Ex-Captain on New An-225: ‘We Are Going To Do It’

A former captain of what was once the largest cargo airplane in the world, the one-of-a-kind Antonov An-225 Mriya, has revealed details about plans to build a second version of the destroyed airplane.

Antonov An-225 Mriya during a takeoff roll in Ukraine

“Things are in motion” to build a new version of the destroyed An-225 Mriya, according to an interview published on the aviation website Aerotime Hub. [Shutterstock]

A former captain of what was once the largest cargo airplane in the world, the one-of-a-kind Antonov An-225 Mriya, has revealed details about plans to build a second version of the destroyed airplane.

In a two-part interview released on Aerotime Hub, pilot Dmytro Antonov discussed how engineers would use an existing second fuselage of the An-225 to construct a complete airplane. He also offered reasons why the iconic type should return to the skies. 

“Everybody knows that we are going to do it, no matter what,” Antonov said. “It is confirmed at the highest political level, so, things are in motion.”  

For those who haven’t been following the An-225, the enormous 33-year-old Cold War-era cargo lifter was designed to carry the Soviet space shuttle Buran. In February it was destroyed during fighting between Russian and Ukrainian forces while parked in a hangar at Ukraine’s Gostomel Airport (UKKM).

Owned and operated by Ukraine’s Antonov Company before it was destroyed, the twin-tailed transport with a 290-foot wingspan was powered by six Ivchenko Progress D-18 turbofan engines and could fly up to 250 tons at least 4,000 km (2,159 nm) in about five hours. 


Antonov, who isn’t related to the company’s namesake—Soviet designer Oleg Antonov—spoke about initial decisions project managers face. “Now we have to decide which parts of it we can use for its next life. We have to make a step-by-step plan for building the second Mriya. Also, now, before the war ends, we have to start working with potential hardware vendors. We need to calculate the cost of all the equipment that will be installed on the Mriya-2, the cost of the work we are going to put into it.”

Help from Airbus, Boeing, and Others

To minimize the cost of building and testing a new An-225, the airplane “has to be an exact copy of the first Mriya,” Antonov said. “I think even our engineers do not have any doubts about that.” The new version should include modern components that don’t affect aerodynamics, he said. “The latest aircraft—Boeing 787 Dreamliner, Airbus A380, A350—their technology has to be taken into consideration. We have to start working with Airbus, Boeing, Bombardier, Embraer. We have to look for solutions.”

The Second Airframe

“The second airframe exists, although we can’t talk about its whereabouts right now.” Antonov said 60 percent to 80 percent of the airframe is complete, “depending on how you measure it.”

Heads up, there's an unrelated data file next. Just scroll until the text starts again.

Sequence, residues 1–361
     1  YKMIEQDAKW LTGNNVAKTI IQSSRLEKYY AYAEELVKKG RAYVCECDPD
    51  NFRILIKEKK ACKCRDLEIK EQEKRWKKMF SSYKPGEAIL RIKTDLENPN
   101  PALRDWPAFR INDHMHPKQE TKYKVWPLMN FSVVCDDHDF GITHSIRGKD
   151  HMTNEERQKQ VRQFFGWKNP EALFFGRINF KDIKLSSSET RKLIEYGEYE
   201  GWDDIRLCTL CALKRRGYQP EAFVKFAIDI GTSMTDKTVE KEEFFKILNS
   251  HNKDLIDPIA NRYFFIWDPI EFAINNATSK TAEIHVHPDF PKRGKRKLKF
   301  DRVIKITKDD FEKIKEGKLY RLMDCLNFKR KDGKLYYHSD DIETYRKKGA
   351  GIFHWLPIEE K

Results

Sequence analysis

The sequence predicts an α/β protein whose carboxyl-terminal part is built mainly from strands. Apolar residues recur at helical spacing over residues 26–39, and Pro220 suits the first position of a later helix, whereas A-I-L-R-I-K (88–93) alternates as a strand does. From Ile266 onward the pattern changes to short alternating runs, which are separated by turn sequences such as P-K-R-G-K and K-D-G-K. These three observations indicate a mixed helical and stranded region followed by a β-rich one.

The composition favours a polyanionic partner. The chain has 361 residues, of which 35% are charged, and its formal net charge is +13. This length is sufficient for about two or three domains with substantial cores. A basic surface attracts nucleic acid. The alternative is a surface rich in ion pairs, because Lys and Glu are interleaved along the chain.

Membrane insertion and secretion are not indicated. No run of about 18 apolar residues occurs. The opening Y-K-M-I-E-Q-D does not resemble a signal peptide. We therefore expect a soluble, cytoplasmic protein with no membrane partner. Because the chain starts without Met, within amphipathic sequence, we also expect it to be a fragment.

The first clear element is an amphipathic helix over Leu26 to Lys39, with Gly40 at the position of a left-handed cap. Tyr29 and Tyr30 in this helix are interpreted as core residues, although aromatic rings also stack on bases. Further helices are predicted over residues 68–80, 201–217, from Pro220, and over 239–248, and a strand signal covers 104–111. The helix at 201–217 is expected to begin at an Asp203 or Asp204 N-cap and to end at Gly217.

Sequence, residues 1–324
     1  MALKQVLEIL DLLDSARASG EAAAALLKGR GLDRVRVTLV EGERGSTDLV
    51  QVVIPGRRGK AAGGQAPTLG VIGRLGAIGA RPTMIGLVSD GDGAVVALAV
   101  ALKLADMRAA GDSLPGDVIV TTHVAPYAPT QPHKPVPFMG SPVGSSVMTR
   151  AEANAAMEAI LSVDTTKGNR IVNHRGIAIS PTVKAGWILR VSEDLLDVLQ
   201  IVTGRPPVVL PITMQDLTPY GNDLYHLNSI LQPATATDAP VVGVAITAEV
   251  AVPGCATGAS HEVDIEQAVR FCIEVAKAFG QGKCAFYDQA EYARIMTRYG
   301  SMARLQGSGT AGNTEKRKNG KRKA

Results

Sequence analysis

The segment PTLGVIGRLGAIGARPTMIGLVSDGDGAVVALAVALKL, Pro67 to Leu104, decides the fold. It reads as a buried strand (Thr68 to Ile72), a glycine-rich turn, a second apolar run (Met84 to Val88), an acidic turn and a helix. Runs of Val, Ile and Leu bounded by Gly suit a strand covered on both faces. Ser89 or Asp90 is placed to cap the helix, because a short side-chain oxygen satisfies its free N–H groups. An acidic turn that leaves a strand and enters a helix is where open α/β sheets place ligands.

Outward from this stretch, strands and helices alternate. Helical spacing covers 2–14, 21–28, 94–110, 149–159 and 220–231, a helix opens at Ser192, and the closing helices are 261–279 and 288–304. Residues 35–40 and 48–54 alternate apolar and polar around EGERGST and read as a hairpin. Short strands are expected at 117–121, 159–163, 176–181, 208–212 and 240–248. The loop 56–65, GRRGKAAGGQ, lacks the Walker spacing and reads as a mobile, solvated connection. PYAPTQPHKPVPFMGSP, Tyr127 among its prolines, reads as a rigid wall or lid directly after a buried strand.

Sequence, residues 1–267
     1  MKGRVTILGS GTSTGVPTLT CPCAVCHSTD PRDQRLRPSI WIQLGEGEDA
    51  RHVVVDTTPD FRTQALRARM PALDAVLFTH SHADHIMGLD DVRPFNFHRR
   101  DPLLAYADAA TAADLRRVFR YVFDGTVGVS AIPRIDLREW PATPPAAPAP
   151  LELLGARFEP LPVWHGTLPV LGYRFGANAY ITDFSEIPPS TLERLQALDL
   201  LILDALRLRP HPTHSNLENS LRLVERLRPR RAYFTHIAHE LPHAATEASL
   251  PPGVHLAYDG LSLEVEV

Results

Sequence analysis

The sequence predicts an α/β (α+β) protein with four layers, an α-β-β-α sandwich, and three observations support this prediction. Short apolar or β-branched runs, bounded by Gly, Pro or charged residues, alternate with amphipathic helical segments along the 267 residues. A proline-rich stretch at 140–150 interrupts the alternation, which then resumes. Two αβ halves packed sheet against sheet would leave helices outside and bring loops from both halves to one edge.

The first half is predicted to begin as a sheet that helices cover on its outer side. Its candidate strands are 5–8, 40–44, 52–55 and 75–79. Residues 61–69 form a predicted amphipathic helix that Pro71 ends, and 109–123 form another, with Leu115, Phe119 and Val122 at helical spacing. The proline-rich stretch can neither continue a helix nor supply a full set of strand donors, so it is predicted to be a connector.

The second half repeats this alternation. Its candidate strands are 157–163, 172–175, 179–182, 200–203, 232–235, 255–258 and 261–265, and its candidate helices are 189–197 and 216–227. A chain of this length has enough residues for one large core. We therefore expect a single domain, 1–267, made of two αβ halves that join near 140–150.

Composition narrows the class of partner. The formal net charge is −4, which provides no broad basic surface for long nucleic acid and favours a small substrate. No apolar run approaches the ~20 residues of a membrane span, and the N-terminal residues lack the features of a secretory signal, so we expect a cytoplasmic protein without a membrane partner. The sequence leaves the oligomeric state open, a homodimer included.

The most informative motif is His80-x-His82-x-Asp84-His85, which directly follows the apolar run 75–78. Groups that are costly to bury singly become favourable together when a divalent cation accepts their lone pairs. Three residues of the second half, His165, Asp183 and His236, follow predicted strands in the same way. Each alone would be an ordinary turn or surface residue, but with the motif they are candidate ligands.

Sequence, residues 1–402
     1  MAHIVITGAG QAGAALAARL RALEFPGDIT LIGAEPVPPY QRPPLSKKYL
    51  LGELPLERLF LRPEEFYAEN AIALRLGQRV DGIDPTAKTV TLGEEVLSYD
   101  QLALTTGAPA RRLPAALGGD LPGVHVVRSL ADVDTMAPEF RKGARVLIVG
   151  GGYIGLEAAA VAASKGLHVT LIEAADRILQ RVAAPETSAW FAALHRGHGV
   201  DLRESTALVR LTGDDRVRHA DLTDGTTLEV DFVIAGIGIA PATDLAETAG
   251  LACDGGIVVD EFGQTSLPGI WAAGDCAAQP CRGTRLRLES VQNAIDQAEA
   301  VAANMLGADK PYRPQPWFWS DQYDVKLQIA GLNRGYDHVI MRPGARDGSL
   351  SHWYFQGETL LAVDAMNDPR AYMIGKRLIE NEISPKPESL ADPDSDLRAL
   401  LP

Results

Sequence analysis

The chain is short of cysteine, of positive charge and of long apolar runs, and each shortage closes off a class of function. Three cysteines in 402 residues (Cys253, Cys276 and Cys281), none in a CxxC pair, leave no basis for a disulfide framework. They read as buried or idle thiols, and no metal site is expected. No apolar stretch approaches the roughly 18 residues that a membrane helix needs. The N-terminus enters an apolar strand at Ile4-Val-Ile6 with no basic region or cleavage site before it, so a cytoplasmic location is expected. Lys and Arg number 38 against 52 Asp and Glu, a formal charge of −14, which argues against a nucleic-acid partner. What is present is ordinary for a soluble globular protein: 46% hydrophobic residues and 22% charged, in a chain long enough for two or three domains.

Details about the new airplane “can only be published after the end of the war. What I can say right now, is that a lot of work has to be done to even start this project.”

Construction of the second airframe began in the early 1990s, when Mriya’s success as a heavy cargo lifter prompted plans to build three additional An-225s. But when the Soviet Union collapsed, the second An-225 project was abandoned—unfinished and largely forgotten. 

In 2018, a second An-225 airframe—presumably from that second aircraft—was photographed sitting in a hangar on the outskirts of Kyiv, according to CNN

Photos showed the airplane disassembled inside a huge facility, including its fuselage, wings, nose gear, and tail. Now, after the destruction of Mriya, Ukrainian state defense organization Ukroboronprom has estimated that rebuilding the An-225 would cost about $3 billion.

The Fleet

In the interview, the veteran pilot revealed details about additional Antonov aircraft that were destroyed or damaged during fighting at UKKM, including an An-74 twin-engine transport jet and the company’s only Antonov An-26 twin turboprop transport, he said. “As for the damaged aircraft, a decision to restore them has to be taken.” He said two damaged An-124 Ruslans owned by the company remain in Ukraine. Five additional An-124s are located outside the country, he said. “They are conducting flights as usual.”

Producing new parts for the second Mriya could also help to modernize Antonov’s surviving An-124 Ruslans. “In some sense, this might reduce the cost of modernizing [the second] Mriya herself,” he said.

Boeing 747 Versus Antonov An-124

Antonov said the An-124 Ruslan continues to be a relevant cargo platform that can compete with other air lifters. The Boeing 747, for example, “can't carry the 40-foot shipping containers,” he said. “An-124 can, though.”

“Nothing else comes close to it,” he said. “Even the American Lockheed C-5, which is very similar, is not as well-designed as the Ruslan.”

‘The Most Important Task’

The pilot also said company managers are considering what he called “the most important task”—a large-scale project aimed at reconstructing airport infrastructure at UKKM. Plans have been submitted, including a new cargo terminal, a small passenger terminal. “The base of our company has to be brought back, and the base for testing our aircraft,” he said. “The project is going to be large.”

Thom is a former senior editor for FLYING. Previously, his freelance reporting appeared in aviation industry magazines. Thom also spent three decades as a TV and digital journalist at CNN’s bureaus in Washington and Atlanta, eventually specializing in aviation. He has reported from air shows in Oshkosh, Farnborough and Paris. Follow Thom on Twitter @thompatterson.

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